According to a source close to intelligence, US intelligence does not know how many people among the Taliban knew that Zawahiri was locked up in Kabul in a house belonging to the powerful Haqqani faction, a militant group that is part of the Taliban government. . The Taliban have publicly denied they knew of his presence before the strike and analysts are watching closely to see if his exposure paves the way for any rift between the Taliban and the Haqqani.
“The Islamic Emirate of Afghanistan has no information about Ayman al-Zawahiri’s arrival and stay in Kabul,” a Taliban statement said.
White House officials said on Monday that senior Taliban Haqqani officials were aware of Zawahiri’s presence in the area and had even taken steps to conceal his presence after Saturday’s successful strike, restricting access to the safe house and quickly relocating her family members, including her daughter and children.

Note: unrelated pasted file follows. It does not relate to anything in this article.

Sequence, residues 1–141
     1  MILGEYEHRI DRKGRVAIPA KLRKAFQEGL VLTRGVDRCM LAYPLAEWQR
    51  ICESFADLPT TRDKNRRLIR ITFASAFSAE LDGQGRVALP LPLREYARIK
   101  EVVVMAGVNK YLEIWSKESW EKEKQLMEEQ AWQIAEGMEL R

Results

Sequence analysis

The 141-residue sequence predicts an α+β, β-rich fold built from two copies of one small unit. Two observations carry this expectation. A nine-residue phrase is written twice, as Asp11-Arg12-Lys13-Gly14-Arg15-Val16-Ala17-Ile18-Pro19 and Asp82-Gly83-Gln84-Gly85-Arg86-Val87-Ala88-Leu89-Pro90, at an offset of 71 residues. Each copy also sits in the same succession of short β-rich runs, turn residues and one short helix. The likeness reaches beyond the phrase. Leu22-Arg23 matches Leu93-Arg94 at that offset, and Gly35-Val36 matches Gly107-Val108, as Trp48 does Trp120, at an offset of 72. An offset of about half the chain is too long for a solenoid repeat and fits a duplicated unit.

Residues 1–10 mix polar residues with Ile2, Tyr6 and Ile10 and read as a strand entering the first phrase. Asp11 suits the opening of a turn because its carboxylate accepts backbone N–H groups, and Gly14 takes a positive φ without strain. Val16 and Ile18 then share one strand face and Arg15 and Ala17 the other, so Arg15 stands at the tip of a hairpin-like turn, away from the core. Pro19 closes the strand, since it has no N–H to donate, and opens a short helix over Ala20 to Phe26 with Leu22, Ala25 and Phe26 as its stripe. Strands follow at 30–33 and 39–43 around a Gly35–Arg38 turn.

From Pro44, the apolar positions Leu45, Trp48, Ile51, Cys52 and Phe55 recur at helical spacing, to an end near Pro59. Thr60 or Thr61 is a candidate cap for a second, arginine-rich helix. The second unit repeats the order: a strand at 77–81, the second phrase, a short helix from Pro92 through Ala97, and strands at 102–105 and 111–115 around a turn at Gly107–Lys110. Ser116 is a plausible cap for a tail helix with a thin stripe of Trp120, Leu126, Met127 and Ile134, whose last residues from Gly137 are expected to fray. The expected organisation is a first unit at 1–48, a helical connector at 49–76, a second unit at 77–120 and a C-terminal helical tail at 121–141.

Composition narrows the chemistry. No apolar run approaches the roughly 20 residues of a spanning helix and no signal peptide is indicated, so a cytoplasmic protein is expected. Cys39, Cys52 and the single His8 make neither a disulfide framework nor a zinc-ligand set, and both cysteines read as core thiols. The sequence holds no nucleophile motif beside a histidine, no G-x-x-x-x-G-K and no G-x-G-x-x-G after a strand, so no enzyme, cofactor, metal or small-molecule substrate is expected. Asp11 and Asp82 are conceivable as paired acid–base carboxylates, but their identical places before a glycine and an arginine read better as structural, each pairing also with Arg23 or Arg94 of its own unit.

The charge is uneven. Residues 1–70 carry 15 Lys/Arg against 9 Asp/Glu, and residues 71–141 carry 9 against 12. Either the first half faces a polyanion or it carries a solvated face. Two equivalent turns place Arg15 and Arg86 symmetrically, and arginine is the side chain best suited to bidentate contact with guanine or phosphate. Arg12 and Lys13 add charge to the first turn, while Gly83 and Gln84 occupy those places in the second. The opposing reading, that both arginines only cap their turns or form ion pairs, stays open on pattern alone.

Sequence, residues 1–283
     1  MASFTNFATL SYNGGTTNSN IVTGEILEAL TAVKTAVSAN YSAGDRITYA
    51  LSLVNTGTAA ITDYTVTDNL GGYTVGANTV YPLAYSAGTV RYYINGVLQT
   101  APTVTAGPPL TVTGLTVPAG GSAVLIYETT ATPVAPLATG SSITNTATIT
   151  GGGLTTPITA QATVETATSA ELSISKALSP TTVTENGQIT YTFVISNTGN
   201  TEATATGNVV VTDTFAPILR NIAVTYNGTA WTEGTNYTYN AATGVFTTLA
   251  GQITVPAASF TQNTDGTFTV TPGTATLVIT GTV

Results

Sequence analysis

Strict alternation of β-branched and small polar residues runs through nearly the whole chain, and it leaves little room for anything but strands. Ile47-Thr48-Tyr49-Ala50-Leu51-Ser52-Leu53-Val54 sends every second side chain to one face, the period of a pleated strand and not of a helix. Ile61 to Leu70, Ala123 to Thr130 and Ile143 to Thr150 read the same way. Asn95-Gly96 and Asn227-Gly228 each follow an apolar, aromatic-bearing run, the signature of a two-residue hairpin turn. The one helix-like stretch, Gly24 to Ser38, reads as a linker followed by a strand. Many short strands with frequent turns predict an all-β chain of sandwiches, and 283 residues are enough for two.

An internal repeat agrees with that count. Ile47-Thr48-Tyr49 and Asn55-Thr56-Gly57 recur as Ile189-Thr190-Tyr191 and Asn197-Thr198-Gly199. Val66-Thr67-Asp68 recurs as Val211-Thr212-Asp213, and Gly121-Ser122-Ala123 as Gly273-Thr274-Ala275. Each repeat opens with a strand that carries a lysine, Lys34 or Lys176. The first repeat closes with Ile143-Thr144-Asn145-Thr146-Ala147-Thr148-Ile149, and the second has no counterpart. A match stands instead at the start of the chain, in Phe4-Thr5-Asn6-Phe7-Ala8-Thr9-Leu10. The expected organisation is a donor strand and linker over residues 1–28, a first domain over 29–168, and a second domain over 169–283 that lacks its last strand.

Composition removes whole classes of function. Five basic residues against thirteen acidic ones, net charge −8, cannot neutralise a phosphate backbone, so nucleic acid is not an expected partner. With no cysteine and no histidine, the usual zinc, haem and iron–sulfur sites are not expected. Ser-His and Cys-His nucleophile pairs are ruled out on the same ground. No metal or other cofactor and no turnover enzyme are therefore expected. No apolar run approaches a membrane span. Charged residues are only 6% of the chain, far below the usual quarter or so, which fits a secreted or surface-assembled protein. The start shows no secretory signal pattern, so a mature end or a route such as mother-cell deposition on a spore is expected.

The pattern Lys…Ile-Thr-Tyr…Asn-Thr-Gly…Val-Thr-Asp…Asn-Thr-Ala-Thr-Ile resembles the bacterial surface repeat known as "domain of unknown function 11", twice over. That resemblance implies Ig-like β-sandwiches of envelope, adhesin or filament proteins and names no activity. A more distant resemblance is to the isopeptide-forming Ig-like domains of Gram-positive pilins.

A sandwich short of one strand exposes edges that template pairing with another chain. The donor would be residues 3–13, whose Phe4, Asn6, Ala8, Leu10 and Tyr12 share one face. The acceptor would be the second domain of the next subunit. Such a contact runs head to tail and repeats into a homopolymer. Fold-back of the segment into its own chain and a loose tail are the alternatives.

“As far as we know, many Taliban did not know that the Haqqani were harboring Zawahiri in Kabul. ‘Does this create a split between the Taliban and the Haqqani?’ the source close to intelligence said.
The senior administration official said on Friday that the Taliban “are scrambling a bit to figure out who knew what and who didn’t — and moreover, to get their story straight about what happened.”
Some U.S. military officials, meanwhile, hope the strike could help push the Taliban toward some kind of limited cooperation with the U.S. to target ISIS-K, a common enemy and distinct terror group in Afghanistan whose military American is much more concerned. than al-Qaeda, according to two sources familiar with the dynamic.
“I think it was a token strike that took away an inspiring leader,” Sanner said. “It completes the job of eliminating the two people who were at the center of 9/11. But it’s the end of an era – it’s not a present threat.”